Part of GCHQ, the NCSC focuses on cyber security for the UK. The incidents listed within the report outlined the work undertaken by the organisation to help improve security of online transactions throughout the country, along with providing support for the UK Armed Forces.

“Our response has been to transform to stay ahead of them,” said Jeremy Flemming, director of GCHQ.

“The NCSC is a pivotal part of that transformation. It is a critical component not only of GCHQ, where it benefits from the data and expertise it has access to as part of the intelligence community, but of how the government as a whole works to keep the UK safe,” Flemming added.

In its first year, the NCSC has been credited for a 43% increase in the Cyber Security Information Sharing Partnership (CISP), leading the UK response to the WannaCry virus, hosting the three-day Cyber UK Conference in Liverpool and enrolling over 1,000 youngsters on the CyberFirst courses.

GCHQ: Keeping the UK safe from cyber-attacks “as important as fighting terrorism”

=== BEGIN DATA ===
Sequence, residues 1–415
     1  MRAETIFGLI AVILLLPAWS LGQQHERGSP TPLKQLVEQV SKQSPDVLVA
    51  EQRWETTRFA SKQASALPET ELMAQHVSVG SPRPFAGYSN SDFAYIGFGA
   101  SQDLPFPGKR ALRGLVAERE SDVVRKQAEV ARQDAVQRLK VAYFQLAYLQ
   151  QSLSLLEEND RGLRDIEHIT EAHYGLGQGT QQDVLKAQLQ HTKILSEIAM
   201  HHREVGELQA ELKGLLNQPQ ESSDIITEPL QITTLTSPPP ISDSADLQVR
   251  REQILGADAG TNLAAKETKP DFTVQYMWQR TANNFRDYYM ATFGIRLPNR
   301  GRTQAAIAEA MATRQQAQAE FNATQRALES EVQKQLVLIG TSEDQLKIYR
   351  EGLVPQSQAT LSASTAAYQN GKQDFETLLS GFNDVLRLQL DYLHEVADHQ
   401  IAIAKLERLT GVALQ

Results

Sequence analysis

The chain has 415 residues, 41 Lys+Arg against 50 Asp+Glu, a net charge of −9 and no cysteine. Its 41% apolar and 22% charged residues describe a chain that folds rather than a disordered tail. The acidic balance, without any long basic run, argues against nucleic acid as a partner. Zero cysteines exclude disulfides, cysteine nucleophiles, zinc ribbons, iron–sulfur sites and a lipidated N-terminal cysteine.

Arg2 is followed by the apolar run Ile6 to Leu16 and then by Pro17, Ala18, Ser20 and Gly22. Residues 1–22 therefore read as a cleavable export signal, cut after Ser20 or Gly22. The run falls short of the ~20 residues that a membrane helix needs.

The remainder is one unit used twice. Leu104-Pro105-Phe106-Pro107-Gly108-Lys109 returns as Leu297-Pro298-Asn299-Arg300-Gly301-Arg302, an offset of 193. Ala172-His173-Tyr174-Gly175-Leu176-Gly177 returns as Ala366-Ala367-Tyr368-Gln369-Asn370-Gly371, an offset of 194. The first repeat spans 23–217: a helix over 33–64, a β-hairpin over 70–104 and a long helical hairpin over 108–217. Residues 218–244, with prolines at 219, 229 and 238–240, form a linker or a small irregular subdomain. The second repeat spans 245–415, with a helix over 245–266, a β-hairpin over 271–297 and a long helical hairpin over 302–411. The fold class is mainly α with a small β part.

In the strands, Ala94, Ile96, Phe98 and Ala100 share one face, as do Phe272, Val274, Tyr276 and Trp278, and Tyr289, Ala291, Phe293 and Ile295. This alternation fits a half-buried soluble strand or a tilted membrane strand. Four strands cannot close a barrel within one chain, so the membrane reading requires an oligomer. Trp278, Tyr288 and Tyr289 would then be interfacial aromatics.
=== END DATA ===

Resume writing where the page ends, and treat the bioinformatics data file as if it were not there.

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The head of intelligence monitoring service GCHQ has said that keeping the UK safe from cyber-attacks is now as important as fighting terrorism – with increased funding from GCHQ being spent on making it a “cyber-organisation” as much as a counter-terrorism and intelligence organisation.

Jeremy Flemming became the GCHQ director in March 2017, from a career in MI5 that saw him rise to the rank of deputy director. Writing in the Daily Telegraph, Flemming said there had been nearly 600 “significant” cyber-attacks this year alone, and that the UK’s adversaries were “quick to spot new ways of doing us harm”.

“If GCHQ is to continue to help keep the country safe as we prepare for our second century, then protecting the digital homeland – keeping our citizens safe and free online – must become and remain as much part of our mission as our global intelligence reach and our round-the-clock efforts against terrorism,” commented Flemming.

“We all derive great benefit from the ease and speed of connecting across the planet: access to knowledge, reduced costs of communication and commerce, and from the additional security provided by default encryption.

“It’s also true to say that hostile states, terrorists and criminals use the same features to undermine our national security, attack our interests and, increasingly, to commit crime.”

Fleming concluded: “All of this can feel deeply challenging for a GCHQ that by necessity has worked in the shadows. It remains the case that much of what we do must remain secret. But the success of the NCSC demonstrates that we are more effective, a better employer and more trusted if we are more transparent, more visible and take advantage of the internet to drive change.”